Whenever I am planning a vacation, my biggest challenge is always figuring out what to see and do. I look for sites that are unique, interesting, or significant or offer something that I haven’t seen or done before.
If this is your first time visiting Peru, I recommend that you include the following places on your itinerary.
Machu Picchu is Peru’s crown jewel. It is both a UNESCO World Heritage site and one of the New 7 Wonders of the World.
Exploring Machu Picchu is a bit like wandering through an Inca ghost town. Stone buildings, winding staircases, still functioning aqueducts, and farming terraces hint at what life must have been like during the time of the Incas.
Machu Picchu is so strategically located that the Spanish never found it during their conquest of Peru. In fact, it wasn’t until 1911 that the existence of Machu Picchu was revealed to the world when Hiram Bingham rediscovered it while he was looking for the lost city of Vilcabamba.
Machu Picchu is shrouded in mystery. Archeologists are still debating its purpose as they continue to uncover ruins, artifacts, and bones from the dense surrounding jungle. How the Incas were able to build with such precision, fitting enormous stones one on top of the other without mortar is still a mystery. Also, no one knows why Machu Picchu was abandoned and what happened to the people who used to live there.
You can take a short boat ride on the lake from the port in Puno to see the Uros Islands. The islands themselves, homes, schools, churches, watchtowers, and even boats are all constructed of totora reeds. Visiting these islands gave me a glimpse into a lifestyle and culture I never knew existed.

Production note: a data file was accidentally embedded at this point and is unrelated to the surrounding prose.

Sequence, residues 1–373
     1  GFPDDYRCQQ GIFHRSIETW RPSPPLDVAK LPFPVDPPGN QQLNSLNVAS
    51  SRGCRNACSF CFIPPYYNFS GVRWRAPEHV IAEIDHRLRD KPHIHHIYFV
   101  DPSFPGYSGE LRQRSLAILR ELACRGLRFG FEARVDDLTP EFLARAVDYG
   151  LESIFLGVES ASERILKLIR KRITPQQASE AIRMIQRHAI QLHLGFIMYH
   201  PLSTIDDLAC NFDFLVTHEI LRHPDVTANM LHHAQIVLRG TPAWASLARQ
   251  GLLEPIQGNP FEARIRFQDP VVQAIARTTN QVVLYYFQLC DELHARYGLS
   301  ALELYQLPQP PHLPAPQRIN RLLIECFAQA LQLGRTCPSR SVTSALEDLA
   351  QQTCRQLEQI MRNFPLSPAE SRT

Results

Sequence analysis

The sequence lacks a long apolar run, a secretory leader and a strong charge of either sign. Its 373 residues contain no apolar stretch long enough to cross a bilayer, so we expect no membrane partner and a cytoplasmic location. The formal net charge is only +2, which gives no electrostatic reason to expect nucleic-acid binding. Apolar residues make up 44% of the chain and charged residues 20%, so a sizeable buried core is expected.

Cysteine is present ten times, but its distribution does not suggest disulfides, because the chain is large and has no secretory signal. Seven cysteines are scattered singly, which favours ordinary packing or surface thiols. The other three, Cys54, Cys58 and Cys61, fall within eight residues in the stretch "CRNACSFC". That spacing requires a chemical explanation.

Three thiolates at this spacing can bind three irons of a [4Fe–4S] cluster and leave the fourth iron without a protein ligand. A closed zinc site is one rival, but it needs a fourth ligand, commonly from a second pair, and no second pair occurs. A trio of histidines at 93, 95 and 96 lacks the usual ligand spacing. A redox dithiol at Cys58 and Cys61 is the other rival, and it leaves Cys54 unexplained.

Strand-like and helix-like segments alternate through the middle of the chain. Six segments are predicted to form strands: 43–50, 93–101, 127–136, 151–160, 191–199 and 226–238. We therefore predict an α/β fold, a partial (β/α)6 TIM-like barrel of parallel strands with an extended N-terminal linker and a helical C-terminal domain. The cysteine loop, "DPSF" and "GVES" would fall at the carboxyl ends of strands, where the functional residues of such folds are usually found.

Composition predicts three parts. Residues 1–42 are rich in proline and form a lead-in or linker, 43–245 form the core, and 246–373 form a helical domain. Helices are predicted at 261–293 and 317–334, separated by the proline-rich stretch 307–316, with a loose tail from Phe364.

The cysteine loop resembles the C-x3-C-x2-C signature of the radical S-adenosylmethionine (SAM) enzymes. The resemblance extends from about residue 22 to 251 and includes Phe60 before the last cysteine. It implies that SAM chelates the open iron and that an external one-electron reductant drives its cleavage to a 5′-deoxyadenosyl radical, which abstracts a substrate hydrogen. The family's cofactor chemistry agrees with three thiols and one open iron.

Most tours pass right by Lima. If you skip Lima, though, you miss seeing how most modern-day Peruvians live. For a truly local experience, lunch on ceviche in a neighborhood restaurant, commute in a combi (small minivan used for public transportation), stroll along the trail that tops the Costa Verde cliffs, or take a surfing lesson in Miraflores.
The Nazca Lines form shapes, such as a dog, bird, astronaut, and monkey. Like Machu Picchu, the Nazca Lines are shrouded in mystery. No one knows who created them, how or why they were created, and how they have managed to stay undamaged for so many years. The best way to see the Nazca Lines is from the air. You can take a bus from Lima to Ica and then take a flight over the lines.
Ica also offers a sport that I tried for the first time in April—sandboarding. It is similar to sledding. You use a refurbished snowboard to slide down the sides of enormous sand dunes that surround a natural (now man-made) oasis. Dune buggies, which provide a roller-coaster-like ride through the dunes, transport you to higher and higher dunes to increase the thrill of the ride.
On the way back to Lima, you can take a short cruise from Paracas to the Islas Ballestas, where penguins frolic. As you cruise to the islands, you pass the Candelabra. Like the Nazca Lines, the origin of the Candelabra is unknown. The Candelabra is carved into the side of an enormous sand dune facing the bay. There is much speculation about who created it and why.
The Amazon rainforest is a relaxing place to end your journey in Peru. You spend your days scouting for wildlife, such as howler monkeys, river otters, piranhas, and macaws, and learning about rainforest plants, such as natural Viagra. Afternoon naps in a swinging hammock allow you to unwind before you head home.